Is France Heading Towards a ‘Spectacular’ Bankruptcy ?


Translated from the original by Éric Verhaeghe

Bankruptcy is the old sea serpent of French public finances since the Capets came to power. It is also the risk of bankruptcy that sank the last of this illustrious family, Louis XVI, unable to reduce spending and public deficits and forced to the high seas to face an unmanageable situation.

Two hundred and a few years later, pedal boat captain Emmanuel Macron experiences a fairly similar situation: public spending is defended tooth and nail by the technostructure which does not want to tighten its belt, and the gap of a permanently expanding debt is growing at an extra-terrestrial speed. Bruno Le Maire (the Minister of Finance) has just added a layer. As things are going, the French economy will collapse as dramatically as the Soviet economy in its time.

(Bruno Le Maire, Minister of Finance, announcing a public deficit of 9.4 % for 2021)

What if bankruptcy punctuated Emmanuel Macron’s already heckled five-year term? All the ingredients are gradually coming together for the dreaded disaster scenario in terms of public finances (namely a new euro crisis due this time not to Greece but to France) to take shape.

Bruno Le Maire announces the worst

We didn’t talk much about it in the end because the subsidized press has definitely given up on doing its job (€ 500 million in grants each year, it helps to blind ourselves), but the announcement is nonetheless explosive. Bruno Le Maire announced the scale of the disaster on Monday morning on France 2 : the public deficit will reach 9.4% of GDP in 2021.

Obviously, the minister used the usual technique to stifle the screeches that news like this should wreak from us. He left the pitch where he is a center forward to become a sports commentator, explaining why the state budget was so drained:

This deficit “is linked to three things: the first is that we are postponing a certain number of expenses from 2020 to 2021 (…), [then] because we continue to help a certain number of sectors and companies, even if we are going to phase out this aid gradually, and thirdly because part of the recovery plan has been disbursed ”

Translation: we explain to you what does not work, and there is nothing we can do about it.

Recall that initially, the deficit was to be only 8.5% of GDP, or € 20 billion less. That still makes 2 and a half Justice budgets that have just been swallowed up because of “three things”. You would think the money would be better spent in courthouses.

The 2021 state deficit is worse than that of 2020 …

France therefore achieves the incredible feat of having a state budget with a higher deficit in 2021 than in 2020 …

Recall that the 2020 deficit amounted to 9.2% of GDP. Despite the incredible stimulus announcements, which we have always pinpointed as false and populist, the worst is shaping up for taxpayers subjected to the caste of senior officials determined to make no effort to share the burden of the crisis. Time passes, and of the long-awaited recovery, we do not even see the tip of the nose.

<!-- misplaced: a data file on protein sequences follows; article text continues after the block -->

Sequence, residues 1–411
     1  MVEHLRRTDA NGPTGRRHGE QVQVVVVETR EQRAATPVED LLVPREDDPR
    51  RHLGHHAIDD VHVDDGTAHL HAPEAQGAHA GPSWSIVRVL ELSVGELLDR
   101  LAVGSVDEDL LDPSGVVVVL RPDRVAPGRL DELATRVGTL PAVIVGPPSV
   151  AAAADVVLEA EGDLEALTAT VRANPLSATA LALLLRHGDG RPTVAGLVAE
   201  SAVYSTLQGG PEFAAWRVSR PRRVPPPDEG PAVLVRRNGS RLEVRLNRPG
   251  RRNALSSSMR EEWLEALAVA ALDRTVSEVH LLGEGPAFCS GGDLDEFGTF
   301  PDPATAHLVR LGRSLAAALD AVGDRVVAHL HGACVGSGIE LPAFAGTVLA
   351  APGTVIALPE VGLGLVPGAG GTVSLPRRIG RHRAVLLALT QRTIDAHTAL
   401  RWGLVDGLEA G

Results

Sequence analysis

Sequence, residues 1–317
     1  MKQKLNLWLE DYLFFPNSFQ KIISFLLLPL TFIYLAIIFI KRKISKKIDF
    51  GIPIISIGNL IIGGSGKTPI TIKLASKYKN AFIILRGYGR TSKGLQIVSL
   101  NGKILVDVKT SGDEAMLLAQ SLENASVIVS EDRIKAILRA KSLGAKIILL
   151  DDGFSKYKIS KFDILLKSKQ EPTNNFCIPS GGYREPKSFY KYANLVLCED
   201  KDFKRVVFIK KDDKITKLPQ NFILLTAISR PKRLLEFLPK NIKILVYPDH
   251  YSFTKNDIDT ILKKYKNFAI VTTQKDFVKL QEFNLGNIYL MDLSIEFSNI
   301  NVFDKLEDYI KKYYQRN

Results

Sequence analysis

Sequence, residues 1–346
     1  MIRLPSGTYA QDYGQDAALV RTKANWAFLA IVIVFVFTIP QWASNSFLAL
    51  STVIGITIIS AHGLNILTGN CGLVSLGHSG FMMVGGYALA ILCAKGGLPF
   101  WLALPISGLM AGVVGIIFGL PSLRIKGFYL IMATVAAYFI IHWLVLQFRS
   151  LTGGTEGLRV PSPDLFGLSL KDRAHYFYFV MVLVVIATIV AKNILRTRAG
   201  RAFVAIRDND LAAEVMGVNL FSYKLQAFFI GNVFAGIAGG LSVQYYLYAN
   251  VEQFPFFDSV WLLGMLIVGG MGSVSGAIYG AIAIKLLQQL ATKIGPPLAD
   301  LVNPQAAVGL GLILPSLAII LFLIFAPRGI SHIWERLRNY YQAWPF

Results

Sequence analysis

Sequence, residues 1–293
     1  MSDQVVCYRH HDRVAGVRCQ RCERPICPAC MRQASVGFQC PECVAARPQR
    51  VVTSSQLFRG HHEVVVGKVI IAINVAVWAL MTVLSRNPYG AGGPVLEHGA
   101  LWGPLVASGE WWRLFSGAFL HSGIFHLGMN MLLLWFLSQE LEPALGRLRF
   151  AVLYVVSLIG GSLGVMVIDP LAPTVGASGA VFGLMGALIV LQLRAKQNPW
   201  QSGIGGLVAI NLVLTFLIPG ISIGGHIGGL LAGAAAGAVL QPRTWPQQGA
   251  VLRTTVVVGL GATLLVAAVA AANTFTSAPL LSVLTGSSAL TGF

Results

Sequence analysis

In contrast, deficits are widening and no one knows how to finance them.

The day when Macron has announced the bankruptcy of the state

It went rather unnoticed there, too, but Macron did his buddies at ‘Challenges’ magazine, who campaigned for him in 2017, a favor by giving them a lengthy talk on the meaning of the state. There, he surreptitiously explained his technique for paying off debt:

As for public finances, we have to think the opposite of what we are doing today: set our growth objectives and give ourselves the means to achieve them. This does not mean endorsing any budgetary laxity whatsoever, but rather reinventing a rigorous framework for assessing the quality of public spending. (…) There is no fatality. Let’s aim for more growth, because this is the only path that allows us to aim for more social protection, more innovation, more investment in ecological transition, more equality and justice in our societies but also between continents.

Translation: we are not going to decrease public spending, we will simply increase growth (as if the excess public spending, which creates taxes and bureaucracy, does not kill growth). So here is a spending strategy based on an expectation of revenue.

Any household that gets into debt in France by explaining that it will repay with extraordinary salaries that it does not receive, but that it will receive one day, would be immediately red flagged by the Banque de France. But when it’s Macron speaking in front of the Toulouse School of Economics, the same reflex doesn’t seem to be a problem for anyone.

However, it must be understood that there is no difference in nature between the two arguments, which both lead to bankruptcy.

Scary growth figures

Another figure that has gone almost unnoticed: the growth figures for the first quarter of 2021. They are frankly bad since they show that France is in recession (but shhh! it should not be said in the name of national unity which demands that we all misled about reality by collectively chewing hallucinogenic mushrooms).

In short, in the first quarter of 2021, GDP fell by 0.1%. In April, consumption fell sharply.

In itself, all this bad news could be put into perspective if Emmanuel Macron’s strategy was not to bet on the return of growth to get the state to float again. But since his whole strategy is to lie to the French for the umpteenth time by explaining to them that we can get out of the rut effortlessly, there is a problem now at the summit of the state.

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